Mr Renganathan was the personal security officer to Singapore’s first foreign minister, Mr S Rajaratnam. He’s retired now. I interviewed him for a book I worked on documenting S Rajaratnam’s life through our first foreign minister’s photography.

The book is called Private Passion.

Mr Renganathan and his wife held Mr Rajaratnam is exceedingly high regard. In a personal tragedy that befell the couple, Mr Rajaratnam stepped in to help in his personal capacity. “He saved my life,” said Mrs Renganathan.

Although Mr Rajaratnam was assigned a personal security officer, he preferred to do things on his own. Not many know that Mr Rajaratnam was an avid photographer and his preferred shopping venue was Cathay Photo. He was very fond of nature as well.

I’ve been very blessed to have met so many people in the numerous books I’ve written. I’d estimate about 50% or less of our conversations make the book. Many times, after we’ve become comfortable with each other, we shoot the breeze and speak “off-the-record” about many things.

And they will remain off-the-record.

It’s my job.

—————

My partial portfolio can be seen here. For assignments, please contact danesh@write-studio.com.

 

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Some of my friends are going to cry, “foul!”

Yes, it’s true. I’m not a fan of lists.

Source: Wikimedia

But when the list is derived from Ernest Hemingway, 1954 winner of the Nobel Prize in Literature and author of books such as The Old Man and the Sea, For Whom the Bell Tolls, and A Farewell to Arms, I will pay attention. Here is Hemingway’s bibliography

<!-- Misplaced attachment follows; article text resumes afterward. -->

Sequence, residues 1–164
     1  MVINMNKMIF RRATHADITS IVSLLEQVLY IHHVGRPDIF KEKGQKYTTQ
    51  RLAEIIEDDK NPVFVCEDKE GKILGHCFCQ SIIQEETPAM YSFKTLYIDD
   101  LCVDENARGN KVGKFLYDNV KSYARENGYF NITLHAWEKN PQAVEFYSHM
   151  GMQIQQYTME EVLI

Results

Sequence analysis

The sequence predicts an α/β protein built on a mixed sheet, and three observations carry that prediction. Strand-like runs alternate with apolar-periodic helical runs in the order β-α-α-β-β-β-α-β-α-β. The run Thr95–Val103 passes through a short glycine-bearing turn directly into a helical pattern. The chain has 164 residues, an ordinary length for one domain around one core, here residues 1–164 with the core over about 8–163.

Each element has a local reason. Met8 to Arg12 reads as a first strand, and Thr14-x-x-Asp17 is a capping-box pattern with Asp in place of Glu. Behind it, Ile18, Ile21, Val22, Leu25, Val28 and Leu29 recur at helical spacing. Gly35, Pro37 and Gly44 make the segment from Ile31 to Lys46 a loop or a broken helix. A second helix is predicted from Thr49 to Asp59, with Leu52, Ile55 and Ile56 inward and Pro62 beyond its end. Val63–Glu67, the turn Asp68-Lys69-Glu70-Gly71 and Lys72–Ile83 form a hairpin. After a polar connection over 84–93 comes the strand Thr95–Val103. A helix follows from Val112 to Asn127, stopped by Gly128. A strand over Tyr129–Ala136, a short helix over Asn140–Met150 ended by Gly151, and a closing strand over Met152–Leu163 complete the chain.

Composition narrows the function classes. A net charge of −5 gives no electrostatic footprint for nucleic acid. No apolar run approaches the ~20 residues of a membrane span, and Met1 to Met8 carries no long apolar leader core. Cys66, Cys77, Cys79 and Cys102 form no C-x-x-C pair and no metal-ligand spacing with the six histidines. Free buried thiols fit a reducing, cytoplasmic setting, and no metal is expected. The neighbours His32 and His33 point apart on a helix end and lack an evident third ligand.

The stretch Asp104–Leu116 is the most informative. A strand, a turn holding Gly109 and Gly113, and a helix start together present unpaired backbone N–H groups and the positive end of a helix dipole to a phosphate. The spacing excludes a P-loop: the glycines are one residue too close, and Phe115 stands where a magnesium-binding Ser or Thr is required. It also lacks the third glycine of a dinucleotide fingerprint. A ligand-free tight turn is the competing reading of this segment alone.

Author Larry W. Phillips analysed Hemingway’s opinions and advice on writing from his various essays, passages and writings, and compiled them into a book, Ernest Hemingway on Writing.

The original source of the list below is from Open Culture. They selected seven of their favourite quotations from Ernest Hemingway on Writing and together with their own commentary, derived this list. Most interesting.

1: To get started, write one true sentence.

Hemingway had a simple trick for overcoming writer’s block. In a memorable passage in A Moveable Feast, he writes:

Sometimes when I was starting a new story and I could not get it going, I would sit in front of the fire and squeeze the peel of the little oranges into the edge of the flame and watch the sputter of blue that they made. I would stand and look out over the roofs of Paris and think, “Do not worry. You have always written before and you will write now. All you have to do is write one true sentence. Write the truest sentence that you know.” So finally I would write one true sentence, and then go on from there. It was easy then because there was always one true sentence that I knew or had seen or had heard someone say. If I started to write elaborately, or like someone introducing or presenting something, I found that I could cut that scrollwork or ornament out and throw it away and start with the first true simple declarative sentence I had written.

2: Always stop for the day while you still know what will happen next.